To all actual and prospective Sanskrit/Pali students at the Golden Buddha Centre:
with James Whelan
I have looked back on the experience of the Sanskrit/Pali classes since we began several months ago. It seems to me that it might be useful to make a formal separation between the two kinds of approach, which have hitherto been mixed together.
The first is the more formal kind of study, going through and analysing a text, which is appropriate for those who wish to acquire the ability to read texts in the original. So far, we have dealt with running texts only in Pali.
The second is more informal and less structured. It deals with individual words and phrases, and is appropriate for those who do not necessarily want to gain a reading knowledge of Sanskrit or Pali, but who wish to have a deeper understanding of the vocabulary of Buddhism in both languages, and the individual concepts expressed through that vocabulary.
We can call these respectively the “text book” approach and the “word clinic” approach.
I am therefore proposing over the coming months to experiment with alternating between the two, week by week. In that way, those who do not wish to engage in the more difficult exercise of acquiring a reading knowledge of Sanskrit or Pali can come only to those classes where we will be following the more easy-going “word-clinic” format.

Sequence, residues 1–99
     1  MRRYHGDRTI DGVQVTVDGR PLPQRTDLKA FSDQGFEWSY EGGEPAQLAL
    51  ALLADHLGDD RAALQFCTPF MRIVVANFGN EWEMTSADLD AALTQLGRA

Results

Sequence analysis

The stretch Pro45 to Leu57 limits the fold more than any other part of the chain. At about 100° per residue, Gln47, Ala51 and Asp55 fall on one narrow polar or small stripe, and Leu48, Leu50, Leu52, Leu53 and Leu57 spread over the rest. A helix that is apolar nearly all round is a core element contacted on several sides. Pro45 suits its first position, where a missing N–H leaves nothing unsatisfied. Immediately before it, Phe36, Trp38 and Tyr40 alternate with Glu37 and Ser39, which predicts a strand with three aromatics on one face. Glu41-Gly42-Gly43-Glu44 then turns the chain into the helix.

Everyone will, of course, be more than welcome to come to both.
To give a greater level of structure to the more formal language-learning classes, I propose to use a graded textbook. My choice is ‘Pali Buddhist Texts: An Introductory Reader and Grammar’ by Rune Johansson. You get the formal grammar and vocabulary, but start straight away with short graded passages of genuine canonical Pali text. I will arrange for copies of the relevant pages to be made available to those attending.
Image: Monju Bosatsu with Eight Sacred Sanskrit Syllables, mid to late 14th century Japan. © The Metropolitan Museum of Art.
Monju (Sanskrit: Manjushri), the Bodhisattva of Wisdom, is seated on a lion against an ovoid nimbus edged with flames. He wears a crown decorated with eight miniature Buddhas and holds a sword and a long stemmed lotus flower supporting a vajra. In other manifestations of the bodhisattva, Monju’s lotus typically supports a Buddhist scripture, but here the vajra is an emblem of wisdom.
Monju is surrounded by eight Sanskrit seed syllables, or sacred utterances symbolizing the eight guardian youths (from a mantra invoking him). Inscribed in the upper part of the painting is a verse praising Monju, dated to 1371 on the day following the arrival of winter.
It says, “In the past, you were the bodhisattva Ryūshu, and in the future, you will become the Buddha Fuken, the patriarch of the Seven Buddhas, the mother who gives rise to wisdom [the Buddha], Great Master Monju!”
The painting is said to have belonged to the temple Daigoji near Kyoto.
Click on any photo below to see a larger image.
Categories: Golden Buddha Centre